Medical practice inefficiency is a widespread problem and many medical practices are unable to implement efficiency changes because they are often economically strapped.
Medical practice inefficiency is a widespread problem, and achieving practice efficiency is not an easy task. According to Steven Bush, MD, chief executive officer of Fox Valley Women’s & Children’s Health Partners, a mid-size multi-specialty clinic based in St. Charles, Ill., many medical practices are unable to implement efficiency changes because they are often economically strapped.
“The problem is that as reimbursement has continued to drop, physicians have found themselves spending more time working to generate the revenue they need to keep their businesses open and support their families, and that gives them less time trying to become more efficient,” explains Bush, who also consults other practices on the elusive aspect of efficiency. “If physicians became more efficient they actually could generate more revenue, but they’re in this vicious cycle of not being able to achieve that.”
Linking two efficiencies
Bush says that there are two types of efficiencies in a medical practice: administrative efficiency and clinical efficiency. They go hand in hand, but, more specifically, they are almost inseparable. Problems arise, he says, when the person running the administrative side of the practice doesn’t understand the clinical side.
Does that mean hiring a medical practice administrator? Not an attractive option from an economic standpoint, says Bush, but also unnecessary.
“The best thing is to have a physician champion in the practice,” Bush says. “One of the partners, or one of the physicians in the practice, who takes on the role of being an efficiency expert and helps with the ability to make things flow better.”
And getting all the physicians on the same page is the place to start.
Bush explains that his practice is protocol-driven. The doctors within each specialty area get together and establish protocols, or guidelines, for how every type of condition or illness will be treated. Once those protocols are established by the physicians, once those guidelines are in place, the practice runs more efficiently.
“A great example would be with electronic medical records,” Bush says. “If every doctor is designing their own template for the same condition, let’s say asthma, which is what a lot of the EMR companies have them do, you could have four doctors in your group and four different asthma templates. How do you function efficiently with your staff?”
Fox Valley was an early adopter of the electronic medical record, and now has one set of templates for OB-GYN, and one set for pediatrics. The difference has been dramatic in terms of practice efficiency.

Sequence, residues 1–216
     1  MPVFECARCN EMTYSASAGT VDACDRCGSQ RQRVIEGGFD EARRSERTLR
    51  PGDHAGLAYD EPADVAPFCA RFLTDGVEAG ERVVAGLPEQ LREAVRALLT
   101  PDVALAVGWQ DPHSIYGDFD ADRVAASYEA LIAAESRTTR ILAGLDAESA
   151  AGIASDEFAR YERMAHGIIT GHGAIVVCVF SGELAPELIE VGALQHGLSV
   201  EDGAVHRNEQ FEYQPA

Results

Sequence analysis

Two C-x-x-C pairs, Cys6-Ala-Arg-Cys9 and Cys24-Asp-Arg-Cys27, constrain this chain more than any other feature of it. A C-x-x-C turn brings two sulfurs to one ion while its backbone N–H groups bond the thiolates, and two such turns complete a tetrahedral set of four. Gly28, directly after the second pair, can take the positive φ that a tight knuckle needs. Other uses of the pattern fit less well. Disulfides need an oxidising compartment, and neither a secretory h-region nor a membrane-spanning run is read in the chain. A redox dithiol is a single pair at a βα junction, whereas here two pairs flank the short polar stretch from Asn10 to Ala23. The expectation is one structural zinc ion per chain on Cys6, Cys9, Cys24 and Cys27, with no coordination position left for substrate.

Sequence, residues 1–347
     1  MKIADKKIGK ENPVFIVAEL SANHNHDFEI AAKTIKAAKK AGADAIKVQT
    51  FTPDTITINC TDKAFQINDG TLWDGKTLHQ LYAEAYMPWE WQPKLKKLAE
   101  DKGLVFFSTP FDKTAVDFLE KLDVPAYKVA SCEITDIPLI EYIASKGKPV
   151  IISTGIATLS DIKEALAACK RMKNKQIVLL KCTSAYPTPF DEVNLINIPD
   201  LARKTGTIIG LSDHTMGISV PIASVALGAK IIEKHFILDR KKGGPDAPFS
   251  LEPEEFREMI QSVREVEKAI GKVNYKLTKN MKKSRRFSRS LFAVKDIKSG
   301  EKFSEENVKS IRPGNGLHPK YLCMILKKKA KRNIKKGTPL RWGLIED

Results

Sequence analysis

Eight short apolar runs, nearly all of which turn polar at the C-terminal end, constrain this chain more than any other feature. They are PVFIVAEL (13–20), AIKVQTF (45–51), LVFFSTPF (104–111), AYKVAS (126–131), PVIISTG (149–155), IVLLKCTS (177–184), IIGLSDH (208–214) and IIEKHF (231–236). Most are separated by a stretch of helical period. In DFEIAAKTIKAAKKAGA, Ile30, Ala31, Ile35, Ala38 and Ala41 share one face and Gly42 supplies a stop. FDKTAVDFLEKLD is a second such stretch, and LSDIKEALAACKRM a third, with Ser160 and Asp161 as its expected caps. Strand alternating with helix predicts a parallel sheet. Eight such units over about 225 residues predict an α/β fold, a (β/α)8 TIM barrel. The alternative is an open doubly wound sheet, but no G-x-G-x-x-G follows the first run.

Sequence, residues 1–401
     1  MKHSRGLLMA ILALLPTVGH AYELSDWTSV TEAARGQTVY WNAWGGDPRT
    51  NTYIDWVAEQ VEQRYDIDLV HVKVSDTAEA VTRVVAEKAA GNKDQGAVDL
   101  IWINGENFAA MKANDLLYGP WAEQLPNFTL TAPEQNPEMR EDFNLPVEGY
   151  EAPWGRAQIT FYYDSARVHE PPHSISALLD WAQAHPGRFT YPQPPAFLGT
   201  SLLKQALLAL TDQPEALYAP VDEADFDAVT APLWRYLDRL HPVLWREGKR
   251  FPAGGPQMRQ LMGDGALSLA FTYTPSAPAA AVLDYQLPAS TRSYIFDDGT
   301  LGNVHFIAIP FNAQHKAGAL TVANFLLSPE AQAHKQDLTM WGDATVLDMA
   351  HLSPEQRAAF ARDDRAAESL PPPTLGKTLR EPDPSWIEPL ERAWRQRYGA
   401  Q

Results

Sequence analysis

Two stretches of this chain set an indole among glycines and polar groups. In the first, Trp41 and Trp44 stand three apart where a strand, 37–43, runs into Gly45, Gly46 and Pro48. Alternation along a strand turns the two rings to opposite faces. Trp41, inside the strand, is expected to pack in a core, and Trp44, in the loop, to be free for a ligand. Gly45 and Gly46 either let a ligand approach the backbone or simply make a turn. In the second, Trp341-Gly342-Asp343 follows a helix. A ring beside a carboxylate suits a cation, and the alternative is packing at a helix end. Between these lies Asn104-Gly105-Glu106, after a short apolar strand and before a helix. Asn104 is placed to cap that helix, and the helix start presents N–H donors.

“It allowed the physicians to practice medicine,” Bush explains. “It allowed our allied health care professionals to take the information, based on the fact that there were efficient standards set up, and to deal with patients quickly because they already knew what the solution was when the problem was presented to them because we had already agreed with how to deal with these problems. No doctor in the practice stays until 10 o’clock at night making follow up phone calls. Triage nurses handle everything during the day. It allows for a more fluid clinical management scheme where patients are being taken care of at the time rather than having all these delays and issues.”
Just a tool
But if you think that simply integrating an electronic medical record into your practice will automatically make workflow more efficient, Bush says that’s not the case. He agrees that having an electronic medical record is key to improving practice efficiency; that it’s imperative to having quick, easy access to a patient’s medical information, but he points out that implementing an EMR alone won’t get the job done.
“There’s probably 600 EMR vendors out there, and the problem is that every one of them is promising efficiency and standardization and achieving meaningful use, but what they don’t explain is how much time it will take and all of the inherent expectations that go along with being able to achieve it,” Bush says. “It’s not just having an EMR that makes you efficient. It’s a tool that helps you maintain efficiency.”
But EMR companies don’t tell physicians that.
“If a physician thinks if he or she gets this EMR it’s going to make them efficient, no, it actually makes you less efficient in the beginning,” he says.
And, adds Bush, don’t be surprised if along the way toward achieving practice efficiency you find yourself adding staff.
“To run efficiently you need to have a little more staff rather than a little less, but quality of life improves significantly among physicians,” he says. “And your outcomes are much better.”